A flippant, fearless, and fundamental countdown of big money investing.

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#34 Technology

There’s an App for That

A stack of yellow legal pads greeted Ryan Bailey on his first day as investment chief at the Children’s Medical Center in Dallas. Transition notes from his predecessor? Bailey had no predecessor. On the pads were the portfolio, institutional knowledge, and handwritten accounts of $1 billion he was now in charge of. 

This was 2014. 

“I was a one-man band, brought in to set up Children’s first investment office,” says Bailey, who now oversees $1.5 billion across four capital pools. “I knew I had to be on the road, meeting managers, and still run things from anywhere.” The flipside of starting, not inheriting, an investment operation is that clean slate. Well, clean-ish yellow paper. 

“How do we get all of this info into a system that’s searchable? That was my mission.” So Bailey went shopping. 

Until very recently, asset owners serious about real-time oversight of their (whole) portfolios built custom. BP’s pension fund for years ran on an ever-evolving monster called Octopus. (Former CIO: “Because it has many tentacles.”) The Alberta Investment Management Corporation commissioned its ‘Dynamic Dashboard’ in 2009. The 1.0 version was a 30-page bimonthly printouts (seriously), still a major improvement over Excel and quarterly reports. By 2012, then-CEO Leo de Bever cruised his C$71 billion (US$55 billion) portfolio via iPad in the Amsterdam airport. “It’s risk exposure; it’s a current outlook on the markets; it’s your current asset mixes,” he described by phone at the time. The cost? “Not de minimis,” de Bever demurred. “For me, it’s an integral part of what we do.” And the Canadians have never been afraid to spend money to make money.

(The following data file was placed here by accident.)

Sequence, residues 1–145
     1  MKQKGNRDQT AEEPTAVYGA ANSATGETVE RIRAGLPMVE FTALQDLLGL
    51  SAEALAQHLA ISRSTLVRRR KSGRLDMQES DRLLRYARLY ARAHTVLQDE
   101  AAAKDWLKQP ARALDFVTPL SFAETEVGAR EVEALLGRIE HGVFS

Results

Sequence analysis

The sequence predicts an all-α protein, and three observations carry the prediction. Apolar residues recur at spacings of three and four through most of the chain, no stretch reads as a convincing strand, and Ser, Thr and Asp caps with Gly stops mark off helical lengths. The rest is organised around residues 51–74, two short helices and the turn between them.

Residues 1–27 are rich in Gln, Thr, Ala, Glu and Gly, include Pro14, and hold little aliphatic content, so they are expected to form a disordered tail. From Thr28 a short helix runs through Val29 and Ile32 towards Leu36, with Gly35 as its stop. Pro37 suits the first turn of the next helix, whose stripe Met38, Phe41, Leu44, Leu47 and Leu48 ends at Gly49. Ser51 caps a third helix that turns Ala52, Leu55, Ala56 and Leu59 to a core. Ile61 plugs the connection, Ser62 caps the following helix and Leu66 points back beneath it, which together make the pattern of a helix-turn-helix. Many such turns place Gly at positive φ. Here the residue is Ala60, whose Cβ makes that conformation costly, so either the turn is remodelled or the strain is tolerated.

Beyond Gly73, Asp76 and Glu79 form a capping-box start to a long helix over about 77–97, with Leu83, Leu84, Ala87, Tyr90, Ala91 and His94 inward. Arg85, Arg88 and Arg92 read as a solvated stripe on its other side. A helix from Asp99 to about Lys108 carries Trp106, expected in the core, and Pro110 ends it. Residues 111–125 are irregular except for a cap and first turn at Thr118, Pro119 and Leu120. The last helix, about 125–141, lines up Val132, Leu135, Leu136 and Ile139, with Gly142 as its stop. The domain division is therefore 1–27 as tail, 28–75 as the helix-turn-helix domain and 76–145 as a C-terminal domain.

Until recently, Ryan Bailey didn’t have an analyst; he definitely wasn’t going to build an Octopus. Luckily, someone else did it for him. Children’s is early adopter of Solovis, off-the-shelf software available since January 2015. Created by alums of outsourced-CIO shop Investure, the system pulls in live data across asset classes, aggregates it, and slices and dices at will. “Take a ‘what if’ scenario,’” Bailey explains. “What if I’d hired this manager three years ago or all the way back in 2008? You’re able to do that, and from wherever.” 

Solovis picked up about 20 clients—all asset owners—in its first 18 months, and $85 billion runs on its platform. It’s a niche product, says co-founder Josh Smith, and that’s the point. Weighing a direct co-investment in Argentinian farmland, and want to stress test your liquidity for a 2008-style crunch, given your 5% annual disbursement mandate? Smith’s your guy. Run a fund-of-funds? Keep shopping. The price tag: $60,000 to $150,000 a year for the base software, support team included. 

More than a legal pad, less than an Octopus, and about on par with an analyst. Which seems appropriate. 

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